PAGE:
Last week, I attended (virtually) the release of results of 21 urban districts that participated in the National Assessment of Educational Progress (NAEP, commonly referred to as “the nation’s report card”). The Trial Urban District Assessment or TUDA, tests a representative sample of students in 4th and 8th grade to determine how schools in some of the nation’s largest districts are faring. Overall, the findings were framed with a kind of cautious optimism because there were many positive signs—a rise in scores in both subjects at both grade levels for most districts—amidst the basic reality that most districts still trail national averages and exhibit yawning achievement gaps between students of different racial backgrounds. Likewise, in editorializing on the TUDA results, the Washington Post struck a similar tone, noting the “heartening” finding that proficiency had risen, but going on to say that “those proficiency levels are scandalously low — less than 25 percent, according to the NAEP — is a sobering reminder of how far the system has to go.”
And how should the District get where it has to go? The Washington Post suggests that the district look to the impressive performance of some of the neighborhood charter schools to understand how schools serving a substantially low-income population of students can enable high achievement:
One big advantage that charter schools offer low-income children is more time in school. An extended school day, weekend classes, a longer school year, and summer instruction are tools that successful charters have used to lift students disadvantaged by a home life that doesn’t include educational support.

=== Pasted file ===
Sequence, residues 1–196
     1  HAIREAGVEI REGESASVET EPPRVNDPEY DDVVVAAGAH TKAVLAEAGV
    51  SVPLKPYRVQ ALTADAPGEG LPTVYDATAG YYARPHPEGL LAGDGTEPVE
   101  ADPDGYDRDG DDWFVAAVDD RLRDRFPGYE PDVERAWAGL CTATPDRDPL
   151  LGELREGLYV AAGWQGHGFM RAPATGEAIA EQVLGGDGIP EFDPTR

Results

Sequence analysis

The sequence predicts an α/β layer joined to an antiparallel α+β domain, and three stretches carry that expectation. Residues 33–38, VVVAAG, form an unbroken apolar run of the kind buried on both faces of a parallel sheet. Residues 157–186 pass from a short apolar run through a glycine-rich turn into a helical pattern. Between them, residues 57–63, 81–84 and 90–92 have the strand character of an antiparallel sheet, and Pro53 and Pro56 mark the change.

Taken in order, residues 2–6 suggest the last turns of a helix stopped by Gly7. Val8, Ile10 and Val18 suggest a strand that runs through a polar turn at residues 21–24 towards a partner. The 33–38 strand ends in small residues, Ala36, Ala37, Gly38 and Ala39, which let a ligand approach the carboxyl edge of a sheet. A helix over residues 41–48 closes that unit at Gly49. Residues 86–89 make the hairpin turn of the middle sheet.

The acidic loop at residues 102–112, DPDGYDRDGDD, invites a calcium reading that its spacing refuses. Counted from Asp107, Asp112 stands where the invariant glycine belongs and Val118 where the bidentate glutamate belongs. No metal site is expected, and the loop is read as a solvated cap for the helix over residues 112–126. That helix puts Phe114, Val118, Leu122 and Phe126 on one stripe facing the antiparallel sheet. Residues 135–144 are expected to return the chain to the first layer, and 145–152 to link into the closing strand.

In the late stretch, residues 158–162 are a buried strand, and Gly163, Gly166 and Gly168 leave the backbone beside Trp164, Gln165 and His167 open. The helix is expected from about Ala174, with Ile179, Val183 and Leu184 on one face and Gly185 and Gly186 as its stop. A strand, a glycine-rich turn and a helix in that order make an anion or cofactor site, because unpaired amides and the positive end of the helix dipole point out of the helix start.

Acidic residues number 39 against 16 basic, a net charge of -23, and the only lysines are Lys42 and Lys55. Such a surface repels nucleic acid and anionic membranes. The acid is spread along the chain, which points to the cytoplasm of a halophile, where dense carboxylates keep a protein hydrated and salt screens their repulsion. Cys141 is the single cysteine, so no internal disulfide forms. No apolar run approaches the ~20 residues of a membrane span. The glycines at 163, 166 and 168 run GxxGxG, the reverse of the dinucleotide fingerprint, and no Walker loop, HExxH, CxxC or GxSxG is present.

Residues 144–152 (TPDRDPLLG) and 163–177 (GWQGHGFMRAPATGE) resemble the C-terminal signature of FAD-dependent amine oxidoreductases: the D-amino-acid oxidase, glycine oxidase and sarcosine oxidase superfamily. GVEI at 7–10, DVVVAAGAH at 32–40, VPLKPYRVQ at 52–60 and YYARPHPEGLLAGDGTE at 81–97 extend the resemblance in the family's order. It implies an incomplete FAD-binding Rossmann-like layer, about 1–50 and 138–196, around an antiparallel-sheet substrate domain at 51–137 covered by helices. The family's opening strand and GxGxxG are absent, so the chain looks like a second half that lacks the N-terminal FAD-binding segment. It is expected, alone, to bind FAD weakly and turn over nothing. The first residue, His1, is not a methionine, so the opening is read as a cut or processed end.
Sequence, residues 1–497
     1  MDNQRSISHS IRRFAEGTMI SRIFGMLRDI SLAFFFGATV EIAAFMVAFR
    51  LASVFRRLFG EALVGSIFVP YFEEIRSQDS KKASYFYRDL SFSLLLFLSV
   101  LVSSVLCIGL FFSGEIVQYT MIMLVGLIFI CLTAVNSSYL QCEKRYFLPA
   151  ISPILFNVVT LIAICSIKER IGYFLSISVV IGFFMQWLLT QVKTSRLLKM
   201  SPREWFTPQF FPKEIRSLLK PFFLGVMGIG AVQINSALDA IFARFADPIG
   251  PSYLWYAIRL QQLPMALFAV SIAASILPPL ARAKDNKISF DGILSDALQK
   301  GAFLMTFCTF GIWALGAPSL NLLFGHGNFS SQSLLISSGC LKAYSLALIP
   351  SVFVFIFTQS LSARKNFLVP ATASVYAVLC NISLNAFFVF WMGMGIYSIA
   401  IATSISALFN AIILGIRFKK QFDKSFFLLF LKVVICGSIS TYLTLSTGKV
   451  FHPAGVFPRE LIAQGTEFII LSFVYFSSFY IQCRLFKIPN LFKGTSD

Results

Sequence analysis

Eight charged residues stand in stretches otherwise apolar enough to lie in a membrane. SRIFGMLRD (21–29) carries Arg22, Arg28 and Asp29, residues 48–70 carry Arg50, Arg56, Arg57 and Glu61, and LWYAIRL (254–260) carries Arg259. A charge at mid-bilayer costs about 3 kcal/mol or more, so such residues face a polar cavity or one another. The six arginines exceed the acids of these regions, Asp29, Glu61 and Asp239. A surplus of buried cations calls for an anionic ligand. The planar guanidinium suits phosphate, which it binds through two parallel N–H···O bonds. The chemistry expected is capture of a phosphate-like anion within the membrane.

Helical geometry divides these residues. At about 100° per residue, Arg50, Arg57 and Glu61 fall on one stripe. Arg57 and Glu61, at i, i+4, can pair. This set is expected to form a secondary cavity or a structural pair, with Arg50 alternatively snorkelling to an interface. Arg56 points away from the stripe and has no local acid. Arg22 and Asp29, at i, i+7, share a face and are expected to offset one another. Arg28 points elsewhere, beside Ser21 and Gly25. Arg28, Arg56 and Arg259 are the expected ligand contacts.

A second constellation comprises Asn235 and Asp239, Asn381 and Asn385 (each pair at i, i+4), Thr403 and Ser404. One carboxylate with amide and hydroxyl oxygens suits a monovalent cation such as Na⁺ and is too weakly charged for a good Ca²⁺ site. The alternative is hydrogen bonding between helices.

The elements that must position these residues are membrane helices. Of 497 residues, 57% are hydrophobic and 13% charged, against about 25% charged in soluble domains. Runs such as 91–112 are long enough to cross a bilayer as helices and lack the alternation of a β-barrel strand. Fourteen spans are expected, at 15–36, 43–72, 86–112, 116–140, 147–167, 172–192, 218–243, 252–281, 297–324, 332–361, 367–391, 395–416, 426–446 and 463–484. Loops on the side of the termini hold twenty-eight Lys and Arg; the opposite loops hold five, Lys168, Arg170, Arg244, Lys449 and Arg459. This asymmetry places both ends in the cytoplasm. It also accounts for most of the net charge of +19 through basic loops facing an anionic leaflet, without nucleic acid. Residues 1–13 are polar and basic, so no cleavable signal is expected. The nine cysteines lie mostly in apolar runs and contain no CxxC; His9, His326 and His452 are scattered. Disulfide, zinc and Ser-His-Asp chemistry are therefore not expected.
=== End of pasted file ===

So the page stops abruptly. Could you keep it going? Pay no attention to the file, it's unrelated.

For us, it is certainly encouraging to see the press following the same path of logic that drives our work at NCTL and, even better, ending up at the same place. Namely, if students are not performing at high levels in one set of schools, one should look to schools that are generating strong outcomes to analyze their practices and try to figure out what is making the difference for their students. Then, once these practices are identified, the lower-performing schools should adopt them in order to bring about success in their own schools, as well. And, like we have seen for ourselves, the press is now beginning to see that more learning time is one of the key levers.
The one note of caution we would add to this generally positive portrayal of expanded time arises from the mention in the Post editorial that “D.C. Schools Chancellor Kaya Henderson told us that officials are examining ways to elongate the school day for students who are in most need of added class time.” As pleased as we are to hear that D.C. is seeking to expand learning time, we do not want to see the District make the mistake of thinking that adding time in school is a simple matter of tacking on extra minutes and days for some students. Instead, school time must be utilized wisely: it must act as a catalyst to the implementation of a series of supportive practices that enhance learning for all students in a school. If added time is not framed as a whole-school strategy for reform, but merely as a limited resource provided only to a subset of students, then broad scale change will be much less likely to occur and, we fear, academic achievement will continue to be stuck at unacceptably low levels.
Here’s hoping that D.C. can follow the lead of their high-performing charters and bring about the kind of fundamental change in their schools that needs to—and, most importantly, CAN—happen.